sets that are moved frequently will develop trouble of this kind at one
time or another. To check the cording, look for opens, shorts, and faulty
contacts. Wiggle the cord at the socket or plug to see if good contact is
You should also make sure that the correct plug is in the
correct socket and that a snug fit is made.
In some types of aircraft
radio equipment, you may have to make your own connecting cables.
these types of cables a good once-over when making your visual inspection.
(5) Think you've covered everything? --well, not quite. How about looking for
broken tubes or sockets, badly soldered joints, tube socket pins touching
each other, tuning capacitor plates touching each other, or broken slugs
in IF transformer cans? Any of these troubles could cause your set to be
b. Use Your Sense of Smell. Recently burned rubber, paint, or insulation can be
easily recognized by the sharp odor which lingers in the chassis long after the set
is brought in for repair.
Bad selenium rectifiers, caused by overheating, smell
like rotten eggs.
You won't have much trouble recognizing this symptom if it
Do not make any check that requires power to be turned on, unless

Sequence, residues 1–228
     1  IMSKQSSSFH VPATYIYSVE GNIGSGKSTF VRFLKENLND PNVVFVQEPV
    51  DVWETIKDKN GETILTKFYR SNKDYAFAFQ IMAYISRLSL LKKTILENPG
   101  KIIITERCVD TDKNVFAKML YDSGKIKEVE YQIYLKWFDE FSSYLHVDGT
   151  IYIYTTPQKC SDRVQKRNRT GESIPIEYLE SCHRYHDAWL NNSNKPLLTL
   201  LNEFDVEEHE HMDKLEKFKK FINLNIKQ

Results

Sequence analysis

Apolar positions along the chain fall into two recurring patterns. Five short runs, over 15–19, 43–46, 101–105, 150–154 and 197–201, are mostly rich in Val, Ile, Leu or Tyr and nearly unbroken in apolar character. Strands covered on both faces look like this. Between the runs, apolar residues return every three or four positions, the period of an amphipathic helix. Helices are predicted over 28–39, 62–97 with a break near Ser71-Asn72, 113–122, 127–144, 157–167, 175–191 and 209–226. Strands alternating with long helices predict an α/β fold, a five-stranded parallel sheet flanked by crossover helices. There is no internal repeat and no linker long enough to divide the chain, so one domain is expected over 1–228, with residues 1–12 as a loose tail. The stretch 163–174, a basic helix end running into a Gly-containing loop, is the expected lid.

you've checked the key circuits for shorts.
Actually, the key
circuit check is a resistance check which helps locate any short
circuits that might damage the power supply.
This check will also
prevent additional damage to the equipment when power is applied.
c. Use Your Sense of Touch.
the set has been turned on for a couple of minutes will show if the tube filaments
Your sense of touch can also be used to check for faulty resistors,
transformers, and capacitors. Just turn on your set for a few minutes, then turn
it off. Cautiously touch the different components and see if any are overheated.
Be careful of capacitors in high-voltage circuits, however. Short them out with a
small jumper wire, after you've turned off the power.
If you've looked over
everything that has been mentioned, you've made a good all-round inspection.
d. Checking Key Circuits for Shorts. The purpose of this check is to make sure
that when you connect power to your receiver or receiver-transmitter there are no
short circuits in the equipment. Actually, this test consists of resistance checks
which help to locate any short circuits that might damage the power supply. This
check will also prevent additional damage to the equipment when power is applied.
In battery-operated equipment, resistance measurements are made from pins of the
battery plug to ground. In other types of power supplies, like the vibrator-type
power supply, resistance measurements are made from the power-in jack to ground.
Use an electronic multimeter like the TS-505/U or its equal. Compare the readings
you get with those listed in the TM. If you don't get the required reading, refer
to the schematic diagram of the receiver to find out which part or parts may be at
fault. Since the key circuit test often indicates trouble in the power supply, the
following information will prove helpful: